I think it’s also helpful for students to be exposed to major figures of the past. And the back matter of our book includes the titles of Jane’s novels and a bit about them.

What is the most interesting aspect of Jane Austen’s life for you and why?

The more I learned of Austen’s life and approach to her work, the more impressed I am with her genius. It’s quite incredible to think that her novels, penned two hundred years ago in an entirely different time, are still so fresh, witty, and pertinent today. I am also amazed at her craft. As someone who makes full use of features like “cut and paste,” it’s mind-boggling to think of what it took to create her polished works.

Jane Austen has several well-known novels that you explain concisely in Ordinary, Extraordinary Jane Austen, which one is your favourite if you could only read one of them for the rest of your life?

While I love all the Austen novels, my top three favourites are Pride and Prejudice, Persuasion, and Sense and Sensibility. And if I have to choose just one, I guess it would have to be Pride and Prejudice.

A lot of the readers of my blog love Jane Austen Fan Fiction, have you thought on doing a variation or retelling of Jane Austen’s books for young people?

There are so many fun variations of Austen, both in novels and film. My favorite variation is a literary novel by Jo Baker entitled Longbourn. Highly recommended! I don’t know that I would do a Young Adult retelling, but I do admit that I’m drawn to this period.

You have other books about other authors, anyone else in mind?

Ordinary, Extraordinary Jane Austen is nonfiction, but I have also written a historical fiction picture book about Charles Dickens entitled A Boy Called Dickens. I’ve made attempts at writing about other authors, including Charlotte Bronte or Lady Murasaki, the Japanese noblewoman who wrote one of the first (if not the first) novels in the world, but haven’t been successful. As I tell students at author visits, even published writers get rejections. (At least I do!)

Have you ever thought on writing about other artists, for instance Picasso, Leonardo Da Vinci or Frida Kahlo among others?

Well, I just bought my husband the fabulous new biography of Da Vinci by Walter Isaacson, and I am next to read it, so you never know!

Thanks again to Deborah Hopkinson for appearing. For other stops on the Jane Austen Blog Tour please check deborahhopkinson.com. Be sure to use this hashtag: #JaneAustenBlogTour.

jane austen

If you want to buy this lovely book, find some links below:

Amazon UK (available on the 8th of March, International Women’s Day) Amazon US

Follow Deborah Hopkinson on:

Twitter Instagram Website

Blog Tour of “All the Things I know” by Audrey Ryan: character interview + giveaway

Dear all,

would you like to celebrate with me and a bit of pink wine? We are celebrating the first book of Audrey Ryan: All the Things I know. A very nice modern variation of our beloved Pride and Prejudice. Resultado de imagen de pink wine

Let’s then know a bit more about her: Audrey Ryan.

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Audrey Ryan is the nom de plume of Andrea Pangilinan: daydreamer, wife and step-mother, and obsessive story consumer. She studied writing in college, dreamt about becoming a novelist and slowly forgot about it when real life took over. With a particular affection for contemporary retellings, adapting Pride & Prejudice to modern day has always been a dream. When she’s not reading and writing, Andrea is a marketing slave to the internet industry. She enjoys talking crazy to her weirdo cat, consuming copious amount of wine and coffee with her girlfriends, and record shopping with her husband. Oh yeah, and there’s that small Jane Austen obsession. That doesn’t take up any time at all.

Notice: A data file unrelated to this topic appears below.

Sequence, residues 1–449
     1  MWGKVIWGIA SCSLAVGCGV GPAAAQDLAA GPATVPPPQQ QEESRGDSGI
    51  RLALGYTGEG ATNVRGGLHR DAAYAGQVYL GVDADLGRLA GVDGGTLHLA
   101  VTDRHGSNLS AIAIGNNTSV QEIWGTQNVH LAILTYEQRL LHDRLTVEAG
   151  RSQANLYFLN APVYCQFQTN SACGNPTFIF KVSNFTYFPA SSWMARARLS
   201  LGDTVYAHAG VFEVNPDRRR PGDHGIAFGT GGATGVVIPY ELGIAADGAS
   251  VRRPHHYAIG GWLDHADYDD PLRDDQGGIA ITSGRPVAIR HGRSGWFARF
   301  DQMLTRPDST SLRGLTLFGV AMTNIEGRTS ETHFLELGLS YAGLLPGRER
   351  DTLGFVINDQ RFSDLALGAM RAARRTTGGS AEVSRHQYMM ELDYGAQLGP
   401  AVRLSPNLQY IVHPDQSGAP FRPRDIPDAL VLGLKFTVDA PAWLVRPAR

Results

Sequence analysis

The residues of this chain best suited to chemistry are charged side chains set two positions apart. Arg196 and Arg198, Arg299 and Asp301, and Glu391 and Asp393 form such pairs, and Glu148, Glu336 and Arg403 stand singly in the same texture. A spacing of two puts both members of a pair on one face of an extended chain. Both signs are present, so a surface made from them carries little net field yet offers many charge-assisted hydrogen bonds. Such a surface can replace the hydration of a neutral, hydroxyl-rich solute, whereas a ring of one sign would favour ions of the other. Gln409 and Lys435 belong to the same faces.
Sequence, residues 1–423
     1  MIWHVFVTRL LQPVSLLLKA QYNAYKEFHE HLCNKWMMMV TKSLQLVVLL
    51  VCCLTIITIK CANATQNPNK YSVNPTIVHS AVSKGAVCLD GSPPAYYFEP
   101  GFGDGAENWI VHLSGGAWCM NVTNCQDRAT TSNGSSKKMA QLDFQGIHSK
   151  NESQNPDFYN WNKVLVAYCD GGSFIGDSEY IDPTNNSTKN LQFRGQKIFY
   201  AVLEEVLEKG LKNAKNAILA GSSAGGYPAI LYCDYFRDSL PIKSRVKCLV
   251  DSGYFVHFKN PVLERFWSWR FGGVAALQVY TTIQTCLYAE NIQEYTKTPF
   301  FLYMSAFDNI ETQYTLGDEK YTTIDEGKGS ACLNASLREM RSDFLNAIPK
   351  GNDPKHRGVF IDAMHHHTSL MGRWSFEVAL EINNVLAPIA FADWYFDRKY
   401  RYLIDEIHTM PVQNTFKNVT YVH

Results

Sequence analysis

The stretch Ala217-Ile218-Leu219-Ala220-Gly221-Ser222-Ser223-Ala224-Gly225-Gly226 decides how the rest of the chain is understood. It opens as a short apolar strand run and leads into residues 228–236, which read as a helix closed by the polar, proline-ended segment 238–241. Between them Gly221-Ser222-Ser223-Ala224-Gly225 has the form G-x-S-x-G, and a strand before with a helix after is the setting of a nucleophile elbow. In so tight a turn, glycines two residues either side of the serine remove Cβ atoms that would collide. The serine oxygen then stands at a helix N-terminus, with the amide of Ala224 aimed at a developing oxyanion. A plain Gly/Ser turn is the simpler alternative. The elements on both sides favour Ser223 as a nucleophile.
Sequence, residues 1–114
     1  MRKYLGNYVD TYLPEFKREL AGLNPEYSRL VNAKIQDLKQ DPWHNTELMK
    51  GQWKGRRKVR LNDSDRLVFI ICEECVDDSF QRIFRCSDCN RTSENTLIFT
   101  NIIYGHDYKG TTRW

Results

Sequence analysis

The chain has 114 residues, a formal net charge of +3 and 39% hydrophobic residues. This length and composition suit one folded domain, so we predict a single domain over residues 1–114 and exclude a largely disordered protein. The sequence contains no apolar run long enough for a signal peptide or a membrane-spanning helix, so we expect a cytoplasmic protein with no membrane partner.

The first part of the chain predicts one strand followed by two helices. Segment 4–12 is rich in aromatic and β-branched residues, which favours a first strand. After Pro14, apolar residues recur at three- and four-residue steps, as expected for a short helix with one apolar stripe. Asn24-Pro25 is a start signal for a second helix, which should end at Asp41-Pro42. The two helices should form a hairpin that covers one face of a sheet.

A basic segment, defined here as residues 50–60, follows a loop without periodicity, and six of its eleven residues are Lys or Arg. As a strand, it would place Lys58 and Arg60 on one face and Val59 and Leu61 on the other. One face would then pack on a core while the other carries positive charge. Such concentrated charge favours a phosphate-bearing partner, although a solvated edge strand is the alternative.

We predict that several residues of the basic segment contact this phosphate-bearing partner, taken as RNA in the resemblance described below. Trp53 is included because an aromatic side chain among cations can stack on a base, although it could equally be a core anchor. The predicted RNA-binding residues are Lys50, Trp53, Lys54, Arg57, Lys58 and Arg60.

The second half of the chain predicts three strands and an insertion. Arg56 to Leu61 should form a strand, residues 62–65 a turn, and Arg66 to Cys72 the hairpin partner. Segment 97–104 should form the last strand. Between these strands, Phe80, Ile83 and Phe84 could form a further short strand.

You can follow her and her work on:

http://audreyryan.merytonpress.com

https://www.facebook.com/AuthorAudreyR/

https://twitter.com/AuthorAudreyR

Audrey’s Goodreads is just as a reader, but it’s here: https://www.goodreads.com/user/show/3797528-audrey-ryan-andrea-pangilinan

Here you have the blurb of the book, enjoy!

Lizzie Venetidis is confident in her decisions. Moving to Seattle with her sister Jane after she graduated from Stanford, for instance, was a no-brainer. Adult life, however, turns out to be more difficult to navigate than she expected.

What career should she pursue with a bachelor’s degree in art history and no marketable experience amongst a tech-heavy job market? How responsible is it to drink that fourth cocktail while out with friends? And what should she do about Darcy—the aloof yet captivating guy she met her first night in town?

All the Things I Know is a one-mistake-at-a-time retelling of Pride & Prejudice, set against the backdrop of modern-day techie Seattle. Full of wry observations, heartache, and life lessons, All the Things I Know shares the original’s lessons of correcting ill-conceived first impressions and learning who you really are.

I have enjoyed the book very much and I recommend it as it is a read that I could not leave until I finished it. You will see a Lizzie with more fears than you may have seen before but with the same wit. Darcy is still aloof and very protective with the ones he loves. They really need to work on their conversational skills and they eventually do it after a lot of… steam!

The family relationship is surprising, Mr and Mrs Venetidis are not exactly what you expect but it is well written and all the feelings are well explained. Some names are changed but not many, however, I do not like the character who is called Colin! Andrea, why??? 😉 I don’t mind if it’s closer to the surname! :p